1. Introduction Gold nanoparticles are among the most extensively studied nanomaterials. They are known to be the most stable metal nanoparticles [1,2]. Numerous studies have been reported on the synthesis, property and application development of gold clusters, colloids, and nanoparticles [3-6]. Gold nanoparticles exhibit many unique and interesting physical and optical properties such as intense surface plasmon resonance (SPR) absorption, surface enhanced Raman scattering (SERS), nonlinear optical (NLO) properties, and quantized charging effect [7-9]. AuNPs are recognized as the building blocks for many nanoscale materials and devices including conductive and optical hybrid composites and promote their applications in diverse fields [1-4,10]. The surface plasmon resonance of gold nanoparticles is an optical property that holds promising potential in biosensing, molecular imaging, and photothermal treatment of diseases. Taton et al. demonstrated the use of gold nanoparticles as an optical probe to detect DNA molecules based on the color change of individu*

Corresponding author.

Copyright © 2013 SciRes.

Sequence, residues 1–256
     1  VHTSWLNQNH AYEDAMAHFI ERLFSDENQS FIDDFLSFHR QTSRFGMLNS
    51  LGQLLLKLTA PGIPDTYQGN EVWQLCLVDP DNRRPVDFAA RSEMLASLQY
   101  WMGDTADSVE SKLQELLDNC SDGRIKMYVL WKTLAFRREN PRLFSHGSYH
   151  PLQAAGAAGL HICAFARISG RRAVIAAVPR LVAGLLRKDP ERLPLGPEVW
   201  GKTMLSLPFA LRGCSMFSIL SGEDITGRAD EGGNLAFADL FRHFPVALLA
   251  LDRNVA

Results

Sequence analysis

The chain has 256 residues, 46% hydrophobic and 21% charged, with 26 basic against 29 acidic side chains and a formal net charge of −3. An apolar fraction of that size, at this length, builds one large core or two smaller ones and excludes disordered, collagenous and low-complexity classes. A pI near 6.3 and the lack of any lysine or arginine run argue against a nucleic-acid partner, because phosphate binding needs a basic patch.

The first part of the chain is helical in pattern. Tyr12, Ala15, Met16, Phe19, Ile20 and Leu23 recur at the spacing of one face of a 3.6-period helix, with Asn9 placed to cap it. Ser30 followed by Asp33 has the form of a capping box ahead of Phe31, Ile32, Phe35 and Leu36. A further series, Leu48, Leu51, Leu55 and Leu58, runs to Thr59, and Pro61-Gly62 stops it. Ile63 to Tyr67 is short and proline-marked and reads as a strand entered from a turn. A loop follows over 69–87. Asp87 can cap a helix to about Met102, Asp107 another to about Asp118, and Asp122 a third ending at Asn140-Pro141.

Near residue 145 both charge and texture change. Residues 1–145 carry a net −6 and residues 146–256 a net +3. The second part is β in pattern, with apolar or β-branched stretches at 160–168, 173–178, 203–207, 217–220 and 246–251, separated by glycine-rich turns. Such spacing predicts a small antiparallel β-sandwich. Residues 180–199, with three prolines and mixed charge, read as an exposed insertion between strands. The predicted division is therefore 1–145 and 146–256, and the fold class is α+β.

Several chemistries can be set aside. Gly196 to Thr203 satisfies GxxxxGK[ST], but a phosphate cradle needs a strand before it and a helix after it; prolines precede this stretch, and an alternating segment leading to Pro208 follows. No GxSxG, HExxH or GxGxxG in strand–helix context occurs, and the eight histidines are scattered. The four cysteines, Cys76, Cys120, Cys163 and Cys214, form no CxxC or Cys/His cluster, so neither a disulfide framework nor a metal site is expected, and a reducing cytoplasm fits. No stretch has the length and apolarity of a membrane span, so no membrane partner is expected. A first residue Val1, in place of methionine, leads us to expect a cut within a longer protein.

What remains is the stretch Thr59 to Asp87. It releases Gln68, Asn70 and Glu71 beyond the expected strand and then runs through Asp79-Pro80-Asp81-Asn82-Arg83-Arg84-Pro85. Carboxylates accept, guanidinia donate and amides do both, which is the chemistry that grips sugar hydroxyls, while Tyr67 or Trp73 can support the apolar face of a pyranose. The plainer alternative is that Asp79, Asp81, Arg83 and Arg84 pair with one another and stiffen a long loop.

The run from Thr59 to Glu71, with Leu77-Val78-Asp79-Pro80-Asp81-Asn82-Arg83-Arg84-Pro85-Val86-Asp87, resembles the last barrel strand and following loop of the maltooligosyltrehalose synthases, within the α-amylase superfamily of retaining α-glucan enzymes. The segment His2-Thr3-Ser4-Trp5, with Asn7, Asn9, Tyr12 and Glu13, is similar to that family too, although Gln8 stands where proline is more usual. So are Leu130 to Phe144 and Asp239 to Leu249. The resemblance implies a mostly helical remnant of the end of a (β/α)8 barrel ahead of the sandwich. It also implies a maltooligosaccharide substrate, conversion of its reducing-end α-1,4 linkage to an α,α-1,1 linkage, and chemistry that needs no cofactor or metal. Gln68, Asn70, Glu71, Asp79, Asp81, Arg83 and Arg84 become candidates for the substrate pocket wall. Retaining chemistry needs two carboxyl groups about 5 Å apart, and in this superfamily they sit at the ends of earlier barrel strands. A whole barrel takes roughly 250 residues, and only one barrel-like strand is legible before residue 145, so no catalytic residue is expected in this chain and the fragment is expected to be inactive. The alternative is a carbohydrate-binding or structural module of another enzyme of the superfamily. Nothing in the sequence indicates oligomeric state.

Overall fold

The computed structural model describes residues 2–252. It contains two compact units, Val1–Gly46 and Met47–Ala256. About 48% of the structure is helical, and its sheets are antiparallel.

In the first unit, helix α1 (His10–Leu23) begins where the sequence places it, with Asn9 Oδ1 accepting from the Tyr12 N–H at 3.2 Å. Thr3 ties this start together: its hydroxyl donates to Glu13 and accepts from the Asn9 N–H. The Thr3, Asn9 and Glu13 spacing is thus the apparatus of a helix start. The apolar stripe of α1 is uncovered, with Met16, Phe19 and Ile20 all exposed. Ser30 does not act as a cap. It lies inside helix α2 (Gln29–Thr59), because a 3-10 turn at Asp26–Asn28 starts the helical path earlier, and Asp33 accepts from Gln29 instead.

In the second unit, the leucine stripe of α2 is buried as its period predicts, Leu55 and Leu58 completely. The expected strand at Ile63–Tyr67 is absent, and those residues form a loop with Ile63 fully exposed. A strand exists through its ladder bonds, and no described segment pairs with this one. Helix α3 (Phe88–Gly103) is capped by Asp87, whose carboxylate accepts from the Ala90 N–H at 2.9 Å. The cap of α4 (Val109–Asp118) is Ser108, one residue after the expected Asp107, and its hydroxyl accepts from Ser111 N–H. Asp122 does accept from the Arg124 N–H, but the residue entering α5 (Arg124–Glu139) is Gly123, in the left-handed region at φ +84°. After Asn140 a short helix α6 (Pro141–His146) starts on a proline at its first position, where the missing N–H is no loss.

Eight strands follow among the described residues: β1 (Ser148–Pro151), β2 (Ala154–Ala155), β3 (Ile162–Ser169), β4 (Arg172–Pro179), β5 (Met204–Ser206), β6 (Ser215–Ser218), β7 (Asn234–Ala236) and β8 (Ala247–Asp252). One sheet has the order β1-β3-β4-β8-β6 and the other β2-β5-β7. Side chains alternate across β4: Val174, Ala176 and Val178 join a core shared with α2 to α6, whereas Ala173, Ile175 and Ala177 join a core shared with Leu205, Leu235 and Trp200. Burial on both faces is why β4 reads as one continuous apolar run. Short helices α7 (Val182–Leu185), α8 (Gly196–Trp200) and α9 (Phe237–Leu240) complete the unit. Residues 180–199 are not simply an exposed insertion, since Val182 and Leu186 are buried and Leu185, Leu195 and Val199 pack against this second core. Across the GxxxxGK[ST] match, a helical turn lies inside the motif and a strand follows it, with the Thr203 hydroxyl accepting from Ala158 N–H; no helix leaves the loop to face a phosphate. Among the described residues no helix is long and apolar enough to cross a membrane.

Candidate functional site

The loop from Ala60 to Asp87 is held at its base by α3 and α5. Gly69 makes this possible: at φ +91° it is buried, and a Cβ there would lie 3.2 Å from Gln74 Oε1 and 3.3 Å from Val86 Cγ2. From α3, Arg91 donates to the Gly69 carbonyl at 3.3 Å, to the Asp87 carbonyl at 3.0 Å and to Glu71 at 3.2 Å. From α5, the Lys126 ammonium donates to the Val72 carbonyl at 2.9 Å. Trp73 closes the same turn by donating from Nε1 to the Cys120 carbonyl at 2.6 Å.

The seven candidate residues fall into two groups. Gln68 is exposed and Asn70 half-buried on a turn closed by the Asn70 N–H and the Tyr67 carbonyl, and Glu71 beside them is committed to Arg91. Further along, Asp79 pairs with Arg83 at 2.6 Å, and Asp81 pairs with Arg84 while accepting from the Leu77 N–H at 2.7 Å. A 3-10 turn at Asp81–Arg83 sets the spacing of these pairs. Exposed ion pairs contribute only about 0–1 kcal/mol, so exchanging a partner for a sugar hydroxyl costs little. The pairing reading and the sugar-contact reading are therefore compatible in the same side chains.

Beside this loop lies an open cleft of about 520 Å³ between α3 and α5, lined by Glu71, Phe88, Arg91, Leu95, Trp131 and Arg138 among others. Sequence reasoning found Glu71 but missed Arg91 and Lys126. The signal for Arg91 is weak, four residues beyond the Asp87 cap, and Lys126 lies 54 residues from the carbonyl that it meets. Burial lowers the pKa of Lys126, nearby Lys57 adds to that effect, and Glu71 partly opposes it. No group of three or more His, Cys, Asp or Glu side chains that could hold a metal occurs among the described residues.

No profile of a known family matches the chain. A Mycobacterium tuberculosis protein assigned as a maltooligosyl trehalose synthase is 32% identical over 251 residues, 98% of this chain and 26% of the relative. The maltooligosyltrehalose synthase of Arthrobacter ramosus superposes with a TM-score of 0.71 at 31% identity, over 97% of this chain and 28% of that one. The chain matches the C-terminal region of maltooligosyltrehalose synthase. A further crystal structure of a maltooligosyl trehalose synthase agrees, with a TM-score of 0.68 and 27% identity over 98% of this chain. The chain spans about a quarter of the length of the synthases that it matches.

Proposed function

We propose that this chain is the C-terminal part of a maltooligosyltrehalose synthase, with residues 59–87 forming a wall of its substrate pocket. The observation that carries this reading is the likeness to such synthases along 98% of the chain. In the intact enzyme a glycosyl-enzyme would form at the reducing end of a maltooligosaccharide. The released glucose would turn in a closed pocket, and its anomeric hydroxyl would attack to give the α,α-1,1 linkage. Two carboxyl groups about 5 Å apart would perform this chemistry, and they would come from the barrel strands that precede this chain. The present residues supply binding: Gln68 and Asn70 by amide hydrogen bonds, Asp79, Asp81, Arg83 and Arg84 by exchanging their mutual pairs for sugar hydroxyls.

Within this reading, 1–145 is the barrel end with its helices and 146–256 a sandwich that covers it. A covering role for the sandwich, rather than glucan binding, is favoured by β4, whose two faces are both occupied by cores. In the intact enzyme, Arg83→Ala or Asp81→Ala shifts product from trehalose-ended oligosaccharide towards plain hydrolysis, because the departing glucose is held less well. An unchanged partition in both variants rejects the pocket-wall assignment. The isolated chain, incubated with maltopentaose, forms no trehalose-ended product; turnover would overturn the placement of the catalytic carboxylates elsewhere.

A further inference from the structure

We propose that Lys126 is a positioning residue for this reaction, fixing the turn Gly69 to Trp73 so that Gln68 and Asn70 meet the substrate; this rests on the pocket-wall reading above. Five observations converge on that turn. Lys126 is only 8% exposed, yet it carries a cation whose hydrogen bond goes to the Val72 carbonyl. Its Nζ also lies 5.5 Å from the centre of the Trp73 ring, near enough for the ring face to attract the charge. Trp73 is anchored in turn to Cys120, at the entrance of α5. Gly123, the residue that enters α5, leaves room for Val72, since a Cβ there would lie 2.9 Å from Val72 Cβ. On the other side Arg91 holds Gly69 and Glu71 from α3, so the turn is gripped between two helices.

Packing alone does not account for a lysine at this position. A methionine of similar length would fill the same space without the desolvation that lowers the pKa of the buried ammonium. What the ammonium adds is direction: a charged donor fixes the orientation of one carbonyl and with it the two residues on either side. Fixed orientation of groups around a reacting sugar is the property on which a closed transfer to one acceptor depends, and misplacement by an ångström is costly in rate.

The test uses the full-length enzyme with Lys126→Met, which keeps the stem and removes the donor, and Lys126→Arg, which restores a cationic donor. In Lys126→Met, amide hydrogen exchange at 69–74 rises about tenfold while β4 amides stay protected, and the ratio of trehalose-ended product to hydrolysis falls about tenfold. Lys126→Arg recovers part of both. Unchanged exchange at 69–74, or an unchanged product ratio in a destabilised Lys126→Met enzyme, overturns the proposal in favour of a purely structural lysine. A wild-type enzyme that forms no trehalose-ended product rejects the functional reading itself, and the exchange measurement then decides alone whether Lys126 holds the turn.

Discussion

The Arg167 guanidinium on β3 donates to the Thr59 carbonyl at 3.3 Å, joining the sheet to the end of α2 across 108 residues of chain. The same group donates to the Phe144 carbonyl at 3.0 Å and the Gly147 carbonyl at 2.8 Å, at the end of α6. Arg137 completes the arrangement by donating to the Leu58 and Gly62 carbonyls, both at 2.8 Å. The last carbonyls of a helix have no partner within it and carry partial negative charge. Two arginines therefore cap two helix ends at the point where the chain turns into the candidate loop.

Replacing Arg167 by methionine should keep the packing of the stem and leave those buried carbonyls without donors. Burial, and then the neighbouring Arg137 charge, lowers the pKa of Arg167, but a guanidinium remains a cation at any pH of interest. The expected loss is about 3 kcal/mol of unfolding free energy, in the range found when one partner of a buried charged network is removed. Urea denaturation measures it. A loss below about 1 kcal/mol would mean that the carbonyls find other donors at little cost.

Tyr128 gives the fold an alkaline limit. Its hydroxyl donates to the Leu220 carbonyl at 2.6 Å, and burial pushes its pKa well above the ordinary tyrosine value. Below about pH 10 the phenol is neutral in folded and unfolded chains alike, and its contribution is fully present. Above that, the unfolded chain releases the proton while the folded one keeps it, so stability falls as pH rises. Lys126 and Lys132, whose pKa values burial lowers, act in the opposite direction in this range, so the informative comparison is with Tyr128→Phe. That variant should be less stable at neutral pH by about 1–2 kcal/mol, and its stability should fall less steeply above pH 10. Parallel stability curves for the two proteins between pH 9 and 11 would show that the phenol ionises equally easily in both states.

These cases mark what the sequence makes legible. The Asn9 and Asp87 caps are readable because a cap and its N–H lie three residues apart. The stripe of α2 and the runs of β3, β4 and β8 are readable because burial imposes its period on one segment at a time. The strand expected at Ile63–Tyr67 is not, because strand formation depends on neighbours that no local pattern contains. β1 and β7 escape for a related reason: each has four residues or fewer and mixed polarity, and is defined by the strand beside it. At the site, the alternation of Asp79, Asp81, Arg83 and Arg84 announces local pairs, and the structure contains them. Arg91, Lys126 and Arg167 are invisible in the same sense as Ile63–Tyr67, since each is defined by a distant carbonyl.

ally scattered nanoparticles and the complementary DNAhybridized nanoparticle aggregates [11]. Besides applications in optoelectronics and biomedicine, AuNP is known to have a superior quenching efficiency in a wider range of wavelengths compared to the organic quenchers [12-22]. AuNPs having unique size dependent SPR, its absorption band can be tuned easily and precisely by changing its shape and size to increase the overlap of its absorption band with the fluorescence band of a chosen fluorophore. This results in an efficient transfer of energy from the excited fluorophore to the gold nanoparticle surface leading to the quenching of the fluorescence of the fluorophore. To peep into the mechanistic aspect of the energy transfer process, two propositions are put forward; Förster resonance energy transfer (FRET) and nanoparticle surface energy transfer (NSET). In FRET the excitation energy is transferred to the acceptor dipole through induced dipole mechanism, while in NSET the dipolar interactions occur due to the presence of free conduction band electrons in the metal nanoparticle that provides dipole vectors on the surface of the metal ready to accept energy from the donor [18OPJ